Rating:

A warm, sentimental comedy-fantasy, a follow-up to the similar but superior IT'S A WONDERFUL LIFE.

Niven plays an Episcopalian bishop praying for money to build a new church. His marriage is apparently over and his faith is quivering when Grant, an angel who uses his powers so sparingly that he might have been from the Welcome Wagon, arrives on the scene. Young, as Niven's wife, never learns

Cary is from Up There as he unobtrusively helps her and Niven achieve some peace on earth and goodwill toward each other.

Under Koster's typically smooth direction, everyone seems to be having a good time, enjoying the script without mocking its blandness. The picture runs on a bit long and it does pale by comparison to the book, but it was a welcome smile in 1947 and has the same effect today. Popular and acclaimed

in its day, the film was rather surprisingly nominated for Best Picture of the year.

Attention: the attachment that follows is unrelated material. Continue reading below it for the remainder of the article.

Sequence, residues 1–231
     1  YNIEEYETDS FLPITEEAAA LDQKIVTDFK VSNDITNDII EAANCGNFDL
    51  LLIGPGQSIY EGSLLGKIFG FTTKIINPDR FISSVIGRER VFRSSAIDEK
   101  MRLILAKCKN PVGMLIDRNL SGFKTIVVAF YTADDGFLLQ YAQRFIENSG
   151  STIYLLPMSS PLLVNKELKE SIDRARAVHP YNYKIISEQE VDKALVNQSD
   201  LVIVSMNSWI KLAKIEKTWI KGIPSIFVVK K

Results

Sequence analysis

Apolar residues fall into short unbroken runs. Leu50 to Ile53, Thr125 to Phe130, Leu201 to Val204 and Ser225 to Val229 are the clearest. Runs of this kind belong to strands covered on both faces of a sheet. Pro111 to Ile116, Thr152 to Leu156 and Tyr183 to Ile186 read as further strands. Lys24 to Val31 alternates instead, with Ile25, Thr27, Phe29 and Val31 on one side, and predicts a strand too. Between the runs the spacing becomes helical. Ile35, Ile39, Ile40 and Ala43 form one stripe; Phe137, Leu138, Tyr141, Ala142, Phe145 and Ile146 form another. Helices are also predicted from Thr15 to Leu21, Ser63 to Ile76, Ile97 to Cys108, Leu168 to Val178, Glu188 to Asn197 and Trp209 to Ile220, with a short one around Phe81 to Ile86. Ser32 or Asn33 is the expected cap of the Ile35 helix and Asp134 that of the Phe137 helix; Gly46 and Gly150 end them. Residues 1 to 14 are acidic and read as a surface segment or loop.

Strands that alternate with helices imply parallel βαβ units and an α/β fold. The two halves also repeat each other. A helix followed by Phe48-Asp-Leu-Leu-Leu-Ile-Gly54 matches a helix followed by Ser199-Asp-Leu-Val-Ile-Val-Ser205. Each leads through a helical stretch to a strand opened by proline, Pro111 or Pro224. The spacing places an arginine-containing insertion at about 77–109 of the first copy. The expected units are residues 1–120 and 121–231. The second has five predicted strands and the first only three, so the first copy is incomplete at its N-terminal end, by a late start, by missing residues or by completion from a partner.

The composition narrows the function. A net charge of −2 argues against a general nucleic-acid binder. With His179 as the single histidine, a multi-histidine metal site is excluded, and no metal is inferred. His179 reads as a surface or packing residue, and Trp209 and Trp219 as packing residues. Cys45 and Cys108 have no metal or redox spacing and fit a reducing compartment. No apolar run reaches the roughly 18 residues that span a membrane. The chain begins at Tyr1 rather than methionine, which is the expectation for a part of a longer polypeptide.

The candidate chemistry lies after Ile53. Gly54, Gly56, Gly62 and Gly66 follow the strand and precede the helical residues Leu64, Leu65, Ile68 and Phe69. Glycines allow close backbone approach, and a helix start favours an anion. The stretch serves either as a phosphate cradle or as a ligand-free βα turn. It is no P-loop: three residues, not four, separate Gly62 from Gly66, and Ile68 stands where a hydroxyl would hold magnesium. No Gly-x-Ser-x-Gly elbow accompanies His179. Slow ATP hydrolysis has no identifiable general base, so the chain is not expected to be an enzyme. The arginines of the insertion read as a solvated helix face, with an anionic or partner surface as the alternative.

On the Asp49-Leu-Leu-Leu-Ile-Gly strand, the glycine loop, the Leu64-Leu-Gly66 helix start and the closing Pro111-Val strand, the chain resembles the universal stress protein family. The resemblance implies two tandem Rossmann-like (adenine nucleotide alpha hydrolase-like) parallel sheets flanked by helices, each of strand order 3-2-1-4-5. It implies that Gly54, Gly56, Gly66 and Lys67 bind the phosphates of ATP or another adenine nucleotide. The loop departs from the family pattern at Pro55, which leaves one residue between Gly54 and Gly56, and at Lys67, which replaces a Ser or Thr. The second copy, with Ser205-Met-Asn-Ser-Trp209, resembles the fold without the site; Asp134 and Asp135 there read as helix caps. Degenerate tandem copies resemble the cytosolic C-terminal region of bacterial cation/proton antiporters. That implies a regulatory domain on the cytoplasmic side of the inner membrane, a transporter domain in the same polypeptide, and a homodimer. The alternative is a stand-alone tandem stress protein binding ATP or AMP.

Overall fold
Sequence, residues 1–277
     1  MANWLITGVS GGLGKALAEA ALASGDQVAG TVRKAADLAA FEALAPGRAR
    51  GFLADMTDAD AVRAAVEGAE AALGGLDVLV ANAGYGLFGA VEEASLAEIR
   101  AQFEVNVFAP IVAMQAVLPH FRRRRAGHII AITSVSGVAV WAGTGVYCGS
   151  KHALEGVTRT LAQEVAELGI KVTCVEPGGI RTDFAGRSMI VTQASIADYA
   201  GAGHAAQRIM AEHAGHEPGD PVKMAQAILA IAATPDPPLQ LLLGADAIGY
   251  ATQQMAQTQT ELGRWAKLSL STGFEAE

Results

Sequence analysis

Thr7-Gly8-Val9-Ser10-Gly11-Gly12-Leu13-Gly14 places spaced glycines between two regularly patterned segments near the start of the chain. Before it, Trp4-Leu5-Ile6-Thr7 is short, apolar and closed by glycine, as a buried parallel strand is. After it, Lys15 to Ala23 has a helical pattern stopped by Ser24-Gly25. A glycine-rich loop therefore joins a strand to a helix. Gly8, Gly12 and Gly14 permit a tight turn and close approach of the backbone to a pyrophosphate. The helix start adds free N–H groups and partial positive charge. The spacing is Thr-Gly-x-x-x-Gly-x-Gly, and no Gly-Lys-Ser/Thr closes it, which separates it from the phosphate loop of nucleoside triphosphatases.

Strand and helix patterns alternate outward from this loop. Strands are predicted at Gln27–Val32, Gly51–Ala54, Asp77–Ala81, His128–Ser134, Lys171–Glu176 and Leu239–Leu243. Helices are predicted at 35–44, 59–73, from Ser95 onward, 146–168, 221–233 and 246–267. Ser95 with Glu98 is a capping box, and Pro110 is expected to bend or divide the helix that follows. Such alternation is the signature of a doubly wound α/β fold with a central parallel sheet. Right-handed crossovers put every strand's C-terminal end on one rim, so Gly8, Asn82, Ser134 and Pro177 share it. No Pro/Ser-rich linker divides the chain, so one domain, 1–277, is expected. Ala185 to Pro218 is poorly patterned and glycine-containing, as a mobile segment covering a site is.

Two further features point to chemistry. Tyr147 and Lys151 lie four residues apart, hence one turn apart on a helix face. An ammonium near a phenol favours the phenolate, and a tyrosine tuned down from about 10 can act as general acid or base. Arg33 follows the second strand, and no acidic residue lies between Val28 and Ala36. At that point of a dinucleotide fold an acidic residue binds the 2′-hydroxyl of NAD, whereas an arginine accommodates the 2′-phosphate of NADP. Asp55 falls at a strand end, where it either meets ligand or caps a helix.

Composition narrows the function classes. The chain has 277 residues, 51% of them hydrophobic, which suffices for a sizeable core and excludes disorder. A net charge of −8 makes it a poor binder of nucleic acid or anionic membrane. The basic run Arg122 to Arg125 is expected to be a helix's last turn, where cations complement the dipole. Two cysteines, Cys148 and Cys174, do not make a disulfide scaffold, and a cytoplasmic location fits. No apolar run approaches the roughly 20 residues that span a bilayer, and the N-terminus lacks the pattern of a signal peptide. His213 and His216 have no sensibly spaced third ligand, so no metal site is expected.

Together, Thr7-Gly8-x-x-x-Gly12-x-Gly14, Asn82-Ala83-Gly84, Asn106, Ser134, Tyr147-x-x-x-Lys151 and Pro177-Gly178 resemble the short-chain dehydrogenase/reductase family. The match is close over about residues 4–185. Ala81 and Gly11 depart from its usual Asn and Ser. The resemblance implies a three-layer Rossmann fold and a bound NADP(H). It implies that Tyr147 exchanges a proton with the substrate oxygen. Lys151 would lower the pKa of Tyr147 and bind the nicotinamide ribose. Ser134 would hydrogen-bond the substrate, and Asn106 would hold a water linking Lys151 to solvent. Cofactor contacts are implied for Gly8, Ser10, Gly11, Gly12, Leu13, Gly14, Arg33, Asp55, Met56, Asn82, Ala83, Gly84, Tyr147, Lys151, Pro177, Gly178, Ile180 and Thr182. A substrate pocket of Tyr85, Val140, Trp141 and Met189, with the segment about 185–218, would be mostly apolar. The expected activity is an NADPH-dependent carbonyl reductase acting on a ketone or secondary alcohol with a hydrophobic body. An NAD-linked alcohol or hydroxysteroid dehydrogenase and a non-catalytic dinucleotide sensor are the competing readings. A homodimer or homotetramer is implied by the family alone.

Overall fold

Next On TVSee all »

Cast & Details See all »

  • Rating: NR
  • Review: A warm, sentimental comedy-fantasy, a follow-up to the similar but superior IT'S A WONDERFUL LIFE. Niven plays an Episcopalian bishop praying for money to build a new church. His marriage is apparently over and his faith is quivering when Grant, an angel… (more)

Show More »

Watch This

Jeffrey Dean Morgan as Negan - The Walking Dead _ Season 7, Episode 4 - Photo Credit: Gene Page/AMC
The Walking Dead: 3 Things That Have to Happen In the Midseason Finale

This is what The Walking Dead has to do to send us into the break the right way